The grants will help communities plan improvements such as housing, transportation options, recreation and open space, education and health facilities, social services, renewed infrastructure, increased commerce and employment opportunities.

“The Area-Wide Planning grant program is an innovation initiated by the Obama Administration to empower communities to transform economically and environmentally distressed areas, including communities impacted by manufacturing plant closures, into vibrant future destinations for business, jobs, housing and recreation,” said Mathy Stanislaus, Assistant Administrator for U.S. EPA’s Office of Land and Emergency Management.  “These grants provide the opportunity for communities to determine for themselves revitalization plans that best meet their vision and needs based on a rigorous analysis of market and infrastructure in a manner that benefits and does not displace long-term residents.”

Assistant Administrator Stanislaus announced the new AWP recipients for funding at a community event in Norfolk, Va.

The U.S. EPA’S AWP program was modeled after New York State’s Brownfields Opportunity Area (BOA) Program, which was developed by communities – particularly lower income communities – to enable them to drive development that meets their needs without displacing them. Studies have shown that residential property values near brownfields sites that are cleaned up increased between 5 and 15 percent. Data also shows that brownfields clean ups can increase overall property values within a one-mile radius. Preliminary analysis involving 48 brownfields sites shows that an estimated $29 million to $97 million in additional tax revenue was generated for local governments in a single year after cleanup.

This year’s selected recipients for funding are:

  • Eastern Maine Development Corporation, Bucksport, Maine
  • City of Providence, R.I.
  •  Isles, Inc., East Trenton, N.J.
  • City of Wilmington, Del.
  • Redevelopment Authority of the City of Harrisburg, Pa.
  • City of Norfolk, Va.
  • University of South Florida, Tampa, Fla.
  • City of Middlesborough, Ky.
  • Berkeley-Charleston-Dorchester Council of Governments, Charleston and North Charleston, S.C.
  • Near East Area Renewal, Indianapolis, Ind.
  • Wayne County Brownfield Redevelopment Authority, River Rouge, Mich.
  • Lorain County, Lorain, Ohio
  • Port of New Orleans, New Orleans, La.
  • City of Burlington, Iowa
  • Resource Conservation and Development for Northeast Iowa, Inc., Postville, Iowa
  • City of Glenwood Springs, Colo.
  • City of Orem, Utah
  • Trust for Public Land, Los Angeles, Calif.
  • City of Grants Pass, Ore.

Canada’s Supreme Court asked to Rule on Contaminated Landfill Site

The municipal government of the Cowichan Valley Regional District (CVRD) is appealing a court decision on Shawnigan Lake landfill to the Supreme Court of Canada.  The CVRD wants the Supreme Court to order that the landfill be shut down and that deposited contaminated soil be removed.  The landfill has a permit to operate that was issued by the British Columbia Ministry of the Environment.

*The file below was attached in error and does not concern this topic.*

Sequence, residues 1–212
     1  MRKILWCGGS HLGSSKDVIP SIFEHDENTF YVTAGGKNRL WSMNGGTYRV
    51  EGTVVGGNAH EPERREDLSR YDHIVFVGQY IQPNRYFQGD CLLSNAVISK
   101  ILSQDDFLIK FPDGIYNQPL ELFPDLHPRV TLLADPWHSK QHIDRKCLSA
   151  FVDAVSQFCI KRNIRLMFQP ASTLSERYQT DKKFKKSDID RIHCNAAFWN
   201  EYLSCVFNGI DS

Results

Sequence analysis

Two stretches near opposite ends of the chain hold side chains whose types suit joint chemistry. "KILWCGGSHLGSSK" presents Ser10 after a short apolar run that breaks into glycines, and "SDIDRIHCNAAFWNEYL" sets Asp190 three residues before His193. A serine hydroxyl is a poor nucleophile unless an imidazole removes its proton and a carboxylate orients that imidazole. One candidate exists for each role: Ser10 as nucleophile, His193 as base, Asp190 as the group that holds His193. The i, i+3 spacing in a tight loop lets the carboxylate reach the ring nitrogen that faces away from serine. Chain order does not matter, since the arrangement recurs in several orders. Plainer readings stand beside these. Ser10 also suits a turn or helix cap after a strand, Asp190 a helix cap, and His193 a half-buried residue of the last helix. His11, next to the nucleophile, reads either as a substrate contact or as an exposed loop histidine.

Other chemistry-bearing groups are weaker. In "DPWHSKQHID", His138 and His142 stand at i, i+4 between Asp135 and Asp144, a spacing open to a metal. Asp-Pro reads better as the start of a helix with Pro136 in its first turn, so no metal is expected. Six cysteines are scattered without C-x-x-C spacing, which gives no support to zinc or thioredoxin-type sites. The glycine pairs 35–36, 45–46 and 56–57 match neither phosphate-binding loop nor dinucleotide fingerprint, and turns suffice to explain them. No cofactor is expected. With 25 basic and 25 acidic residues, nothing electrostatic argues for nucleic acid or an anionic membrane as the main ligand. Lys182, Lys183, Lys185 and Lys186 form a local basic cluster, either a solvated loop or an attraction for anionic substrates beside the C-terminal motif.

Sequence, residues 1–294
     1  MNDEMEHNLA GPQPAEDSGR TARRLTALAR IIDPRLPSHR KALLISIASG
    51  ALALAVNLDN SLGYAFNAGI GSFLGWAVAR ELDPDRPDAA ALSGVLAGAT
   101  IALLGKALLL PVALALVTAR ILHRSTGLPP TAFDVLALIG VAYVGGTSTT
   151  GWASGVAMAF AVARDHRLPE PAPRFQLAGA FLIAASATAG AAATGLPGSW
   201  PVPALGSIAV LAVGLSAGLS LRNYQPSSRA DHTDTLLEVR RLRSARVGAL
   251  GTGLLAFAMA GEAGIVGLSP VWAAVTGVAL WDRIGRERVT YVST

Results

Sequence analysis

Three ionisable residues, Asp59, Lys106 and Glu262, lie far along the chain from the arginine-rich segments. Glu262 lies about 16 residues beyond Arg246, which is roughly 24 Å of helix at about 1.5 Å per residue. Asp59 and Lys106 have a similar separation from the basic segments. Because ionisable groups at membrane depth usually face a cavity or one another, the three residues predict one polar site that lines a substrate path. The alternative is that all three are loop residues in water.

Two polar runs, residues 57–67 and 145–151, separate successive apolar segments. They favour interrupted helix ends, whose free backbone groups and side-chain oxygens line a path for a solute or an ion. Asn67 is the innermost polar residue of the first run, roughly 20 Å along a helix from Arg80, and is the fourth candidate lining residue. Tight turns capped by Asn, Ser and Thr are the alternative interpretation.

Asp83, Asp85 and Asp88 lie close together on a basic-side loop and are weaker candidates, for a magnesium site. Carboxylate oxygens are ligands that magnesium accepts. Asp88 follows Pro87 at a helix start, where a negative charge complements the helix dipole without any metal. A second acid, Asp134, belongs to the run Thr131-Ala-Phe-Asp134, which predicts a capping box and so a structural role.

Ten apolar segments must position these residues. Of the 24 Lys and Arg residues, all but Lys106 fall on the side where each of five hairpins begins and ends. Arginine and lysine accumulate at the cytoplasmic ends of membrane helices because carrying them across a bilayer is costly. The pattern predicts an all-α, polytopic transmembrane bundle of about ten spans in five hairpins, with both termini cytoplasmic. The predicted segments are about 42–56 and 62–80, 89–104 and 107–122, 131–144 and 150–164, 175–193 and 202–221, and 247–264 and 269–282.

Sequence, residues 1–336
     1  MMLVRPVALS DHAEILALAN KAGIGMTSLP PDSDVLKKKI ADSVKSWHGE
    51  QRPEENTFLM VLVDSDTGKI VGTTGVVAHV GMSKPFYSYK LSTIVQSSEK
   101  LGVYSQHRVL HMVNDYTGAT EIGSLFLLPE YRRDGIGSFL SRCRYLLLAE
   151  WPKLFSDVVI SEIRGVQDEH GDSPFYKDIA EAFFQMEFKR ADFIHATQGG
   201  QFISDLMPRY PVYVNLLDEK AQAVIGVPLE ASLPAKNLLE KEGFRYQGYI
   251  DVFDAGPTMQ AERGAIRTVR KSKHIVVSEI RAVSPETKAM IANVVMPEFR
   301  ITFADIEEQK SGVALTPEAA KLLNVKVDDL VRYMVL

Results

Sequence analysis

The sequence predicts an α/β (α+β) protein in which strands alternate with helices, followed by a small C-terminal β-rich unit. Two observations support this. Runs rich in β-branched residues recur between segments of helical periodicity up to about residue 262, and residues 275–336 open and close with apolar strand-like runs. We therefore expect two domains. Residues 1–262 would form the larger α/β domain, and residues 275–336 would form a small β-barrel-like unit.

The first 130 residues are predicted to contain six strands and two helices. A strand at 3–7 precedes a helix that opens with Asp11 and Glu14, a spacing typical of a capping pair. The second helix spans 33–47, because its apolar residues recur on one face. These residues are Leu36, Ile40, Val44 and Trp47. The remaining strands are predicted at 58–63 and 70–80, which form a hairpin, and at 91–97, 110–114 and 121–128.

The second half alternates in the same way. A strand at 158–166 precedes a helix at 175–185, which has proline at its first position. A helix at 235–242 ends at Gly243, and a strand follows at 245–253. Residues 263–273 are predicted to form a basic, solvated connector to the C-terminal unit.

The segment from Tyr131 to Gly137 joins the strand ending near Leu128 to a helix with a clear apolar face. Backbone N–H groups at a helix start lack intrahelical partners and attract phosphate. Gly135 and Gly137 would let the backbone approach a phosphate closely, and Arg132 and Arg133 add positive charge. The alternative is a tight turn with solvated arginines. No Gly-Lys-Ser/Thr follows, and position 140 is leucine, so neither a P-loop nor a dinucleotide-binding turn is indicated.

A consortium of companies own and manage the landfill.  The companies include South Island Aggregates (SIA), Cobble Hill Holding (CBH), and South Island Resource Management (SIRM). The existing permit, issued by the B.C. Environment Ministry permits the disposal of approximately 5 million tonnes of contaminated soil at the landfill.

The Shawnigan landfill is the site of a former quarry.  The CVRD is of the view that existing zoning bylaws for the municipality does not allow the property to be used as a landfill.

In the spring of 2016, the British Columbia Supreme Court ruled in favour of CVRD.  However, an appeal by the site owners to the B.C. Court of Appeal resulted in the lower court ruling being overturned.  Now CVRD is taking the case to the Supreme Court of Canada.

In the view of CVRD, the local municipality should have the ability to control land use through zoning bylaws and without provincial interference.  The Site owners are of the opinion that the quarry and landfill activity falls under provincial jurisdiction.

The consortium of companies that own and operate the landfill had 30 days to response to CVRD’s application to the Supreme Court to hear the case.  A decision by the Supreme Court on whether it will hear the case is expected shortly.

CVRD is not only asking the Supreme Court to reverse the decision on use of the property as a landfill but also require the property owners to remove any contaminated soil that has already been deposited.